Cooking for One

Cooking For One

Preparing your own meals can help you take charge of your health. Today, more and more of us
live alone, either by choice or circumstances and that means you are cooking for one. As a single person, finding the motivation to cook for yourself can be challenging and coming up with meal ideas for one person can seem like a chore.

Can Convenience Be Healthy?

Eating out, visiting the drive-through, or throwing a frozen dinner in the microwave can seem
like a much easier option. But eating convenience foods on a regular basis can take a toll on
your physical and mental health.

Fast food and TV dinners tend to be low in nutrition and high in unhealthy fats, sugar, sodium,
and calories. Often, for less money and only a little more time, you can create healthier, better
tasting meals yourself.

The key to cooking for one is to master a few basic skills, stock up on essential ingredients, and
get creative in making meals that work for you. Even if you don’t have access to a full kitchen,
you can still cook quick, inexpensive meals that not only taste great but also boost your energy,
stabilize your mood, and keep you as healthy as possible.

Benefits of Cooking For One

One of the easiest ways to improve your mental and physical health is by preparing more meals
at home. Cooking for yourself gives you greater control over the ingredients in your meals,
helping to cut down on additives and calories often loaded into takeout and convenience food.
Improving your diet with simple, healthy home-cooked meals can also help lower your risk for
serious illness, boost your energy, sharpen your mind, help manage your weight and improve
how you manage stress.

While all this is true of cooking at home for an entire family, there are specific benefits of
cooking just for yourself:

  • You can eat whatever you want, whenever you want.
  • Meals can be cooked faster. 
  • There is less waste and less cleanup. 
  • It can save you money. 
  • It’s empowering and allows for creativity. 

Make it Social

Cooking for yourself doesn’t have to mean eating alone. With some creativity, you can prepare healthy, inexpensive meals at home, and still find that connection to others we all need.

  • Cook a little extra and invite a friend or neighbor to join you in eating the meal. Everyone loves a home-cooked meal and most people who live alone are in the same boat as you. You can even share cooking responsibilities—one prepares the entrée, the other a salad. Or prepare a meal together and share leftovers. Cooking with others can be a fun way to try out new recipes and deepen relationships.
  • Make your food at home, then eat out at a park or picnic area.
  • Shop for food at a community or farmer’s market instead of a grocery store. People here are more likely to take the time to discuss the food and give cooking tips.

Getting Started

As you get started with more home prepared meals, keep these tips in mind.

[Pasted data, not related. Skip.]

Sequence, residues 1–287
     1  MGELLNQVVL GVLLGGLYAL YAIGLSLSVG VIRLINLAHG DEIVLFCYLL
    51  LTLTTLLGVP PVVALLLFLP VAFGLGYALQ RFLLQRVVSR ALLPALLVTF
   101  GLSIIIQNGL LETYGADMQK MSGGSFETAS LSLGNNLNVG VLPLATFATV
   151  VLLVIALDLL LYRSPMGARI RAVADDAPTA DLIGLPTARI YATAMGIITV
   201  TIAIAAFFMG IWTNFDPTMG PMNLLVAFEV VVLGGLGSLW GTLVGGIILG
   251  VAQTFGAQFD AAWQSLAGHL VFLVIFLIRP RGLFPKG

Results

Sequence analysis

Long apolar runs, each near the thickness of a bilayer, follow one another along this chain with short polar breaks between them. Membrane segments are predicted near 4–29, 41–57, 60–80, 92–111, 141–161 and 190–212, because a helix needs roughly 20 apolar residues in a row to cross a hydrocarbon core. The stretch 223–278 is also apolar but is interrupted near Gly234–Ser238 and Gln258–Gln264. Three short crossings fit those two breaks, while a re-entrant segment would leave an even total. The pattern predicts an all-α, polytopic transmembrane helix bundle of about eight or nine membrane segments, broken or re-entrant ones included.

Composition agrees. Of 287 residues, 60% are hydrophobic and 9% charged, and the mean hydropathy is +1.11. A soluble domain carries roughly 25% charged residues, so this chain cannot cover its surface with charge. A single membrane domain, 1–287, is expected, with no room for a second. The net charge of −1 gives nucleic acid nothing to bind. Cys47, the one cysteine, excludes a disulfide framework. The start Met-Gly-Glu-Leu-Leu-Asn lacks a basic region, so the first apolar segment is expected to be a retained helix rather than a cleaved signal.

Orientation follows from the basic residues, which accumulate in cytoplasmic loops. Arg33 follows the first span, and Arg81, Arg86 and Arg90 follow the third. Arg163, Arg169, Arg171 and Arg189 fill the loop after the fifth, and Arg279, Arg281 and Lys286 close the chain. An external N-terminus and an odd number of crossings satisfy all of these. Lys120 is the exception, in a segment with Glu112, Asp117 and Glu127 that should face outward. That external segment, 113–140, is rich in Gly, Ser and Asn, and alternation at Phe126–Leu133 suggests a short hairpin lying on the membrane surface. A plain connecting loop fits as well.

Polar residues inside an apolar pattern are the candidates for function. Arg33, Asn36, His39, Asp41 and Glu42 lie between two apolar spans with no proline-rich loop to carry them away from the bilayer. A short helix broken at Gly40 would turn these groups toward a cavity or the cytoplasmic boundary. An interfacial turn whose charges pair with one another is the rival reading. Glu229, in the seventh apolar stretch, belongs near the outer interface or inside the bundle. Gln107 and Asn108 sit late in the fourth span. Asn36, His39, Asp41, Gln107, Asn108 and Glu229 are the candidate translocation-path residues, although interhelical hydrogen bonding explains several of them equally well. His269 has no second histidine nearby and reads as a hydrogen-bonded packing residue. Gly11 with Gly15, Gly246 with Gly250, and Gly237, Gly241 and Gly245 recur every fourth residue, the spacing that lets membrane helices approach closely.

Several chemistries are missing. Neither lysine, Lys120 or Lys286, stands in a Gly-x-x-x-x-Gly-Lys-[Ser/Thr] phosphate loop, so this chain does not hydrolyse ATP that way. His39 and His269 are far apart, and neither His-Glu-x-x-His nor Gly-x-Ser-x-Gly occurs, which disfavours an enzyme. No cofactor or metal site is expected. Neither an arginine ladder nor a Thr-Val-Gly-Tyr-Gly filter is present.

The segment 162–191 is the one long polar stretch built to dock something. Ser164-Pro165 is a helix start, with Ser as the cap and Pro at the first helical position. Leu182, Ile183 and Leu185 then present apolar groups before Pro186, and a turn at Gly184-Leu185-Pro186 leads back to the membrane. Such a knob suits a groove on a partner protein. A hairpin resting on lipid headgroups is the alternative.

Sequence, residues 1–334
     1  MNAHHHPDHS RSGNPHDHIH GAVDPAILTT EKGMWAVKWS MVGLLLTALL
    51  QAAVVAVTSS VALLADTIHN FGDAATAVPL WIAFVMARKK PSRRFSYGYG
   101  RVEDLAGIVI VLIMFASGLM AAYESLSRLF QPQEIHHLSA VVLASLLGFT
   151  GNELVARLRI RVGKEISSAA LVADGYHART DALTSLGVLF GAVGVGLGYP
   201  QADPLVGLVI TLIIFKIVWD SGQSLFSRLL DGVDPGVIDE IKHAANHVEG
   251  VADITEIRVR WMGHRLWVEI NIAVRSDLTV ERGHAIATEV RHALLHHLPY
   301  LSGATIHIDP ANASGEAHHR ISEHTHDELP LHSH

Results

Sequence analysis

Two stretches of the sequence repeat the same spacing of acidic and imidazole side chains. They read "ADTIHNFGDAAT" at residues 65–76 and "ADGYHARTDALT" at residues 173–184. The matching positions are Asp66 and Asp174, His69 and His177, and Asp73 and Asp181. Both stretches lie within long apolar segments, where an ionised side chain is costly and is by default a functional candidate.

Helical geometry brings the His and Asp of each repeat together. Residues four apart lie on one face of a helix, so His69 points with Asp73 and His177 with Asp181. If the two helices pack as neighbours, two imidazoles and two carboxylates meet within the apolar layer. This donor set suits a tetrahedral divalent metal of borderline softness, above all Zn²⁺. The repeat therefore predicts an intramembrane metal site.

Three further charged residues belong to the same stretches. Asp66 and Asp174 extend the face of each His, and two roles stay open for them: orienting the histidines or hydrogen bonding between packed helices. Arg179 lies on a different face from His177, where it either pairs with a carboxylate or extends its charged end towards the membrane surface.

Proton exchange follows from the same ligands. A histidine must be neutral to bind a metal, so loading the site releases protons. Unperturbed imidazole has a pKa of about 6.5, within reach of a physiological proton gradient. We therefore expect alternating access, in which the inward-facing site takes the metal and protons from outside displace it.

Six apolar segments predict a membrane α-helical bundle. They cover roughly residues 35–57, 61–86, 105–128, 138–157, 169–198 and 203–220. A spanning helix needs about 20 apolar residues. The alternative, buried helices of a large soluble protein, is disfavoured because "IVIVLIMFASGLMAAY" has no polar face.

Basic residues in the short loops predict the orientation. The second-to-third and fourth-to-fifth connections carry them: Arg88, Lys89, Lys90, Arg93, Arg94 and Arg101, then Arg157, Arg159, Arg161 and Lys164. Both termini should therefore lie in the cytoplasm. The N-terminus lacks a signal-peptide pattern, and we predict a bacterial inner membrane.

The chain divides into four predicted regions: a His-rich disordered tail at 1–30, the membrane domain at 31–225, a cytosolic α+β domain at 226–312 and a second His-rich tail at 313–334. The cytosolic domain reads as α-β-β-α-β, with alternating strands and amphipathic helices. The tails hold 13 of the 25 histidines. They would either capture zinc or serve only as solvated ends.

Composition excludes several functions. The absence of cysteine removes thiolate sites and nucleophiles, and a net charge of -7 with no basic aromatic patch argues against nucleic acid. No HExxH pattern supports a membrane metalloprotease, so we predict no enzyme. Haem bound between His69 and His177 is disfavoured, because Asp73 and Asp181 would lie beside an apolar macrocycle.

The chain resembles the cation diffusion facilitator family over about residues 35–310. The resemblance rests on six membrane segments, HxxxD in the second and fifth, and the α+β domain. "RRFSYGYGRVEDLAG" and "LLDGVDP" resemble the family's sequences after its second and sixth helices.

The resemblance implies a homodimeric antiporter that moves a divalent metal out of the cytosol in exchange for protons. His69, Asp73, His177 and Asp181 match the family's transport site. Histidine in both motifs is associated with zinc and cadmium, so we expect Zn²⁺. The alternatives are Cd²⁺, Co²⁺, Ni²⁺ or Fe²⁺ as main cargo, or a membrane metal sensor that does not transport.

• Think outside the box. Dinner doesn’t have to be a traditional meal of protein, starch, and vegetables. In fact, when you’re cooking just for yourself, dinner doesn’t have to mean traditional dinner foods at all. A breakfast of omelet, cheese, and veggies can also work as a healthy evening meal. Mix things up and cook using whatever combination of healthy ingredients you enjoy.
  • Keep it simple. Cooking for one doesn’t have to be a huge time investment. A microwaved baked potato, filled with cheese or canned tuna, and served with steamed vegetables or a salad, makes a healthy, balanced meal that’s ready in minutes.
  • Stock up on staples. With just a few staple ingredients you’ll be able to whip up a healthy meal quickly and easily. These include items such as canned tomatoes, beans, and tuna, frozen fruit and vegetables, dried herbs and spices, nuts, oil, vinegar, bouillon cubes, pasta, rice, and flour.
  • Look for shortcuts. Buy pre-chopped and washed vegetables and salads can save time on meal prep and cleanup.
  • Cook once, eat multiple times. Cook larger meals and freeze leftovers in single portions
  • to eat another time.
  • Prepare meals without cooking. Make a meal out of raw veggies or a salad, fruit add a no-cook protein like yogurt, cottage cheese, canned beans, tuna, or chicken.
  • Cook your main protein once a week. By roasting a chicken on the weekend or slow cooking a turkey breast, you can use the leftover meat to quickly create different dishes during the week. Add the meat to a soup or salad, slice it in sandwiches, use in tacos, or quesadillas, or combine with veggies and add to pasta or rice.
  • Reinvent leftovers. If you don’t want to eat the same meal a second time, having leftovers can be a great starting place for your next meal. For example, left over chicken can be transformed into chicken salad and served in a wrap with your favorite veggies. Or it can be chopped and added to a salad with tomato, cheese, salsa and avocado. You have a whole new meal!
  • You don’t have to be perfect. Don’t feel that you have to start off by making every meal at home in order to reap the health benefits. Like anything, cooking for yourself is a habit that develops over time. Preparing home-cooked meals just a few times a week can improve how well you think and feel and encourage you to cook more often.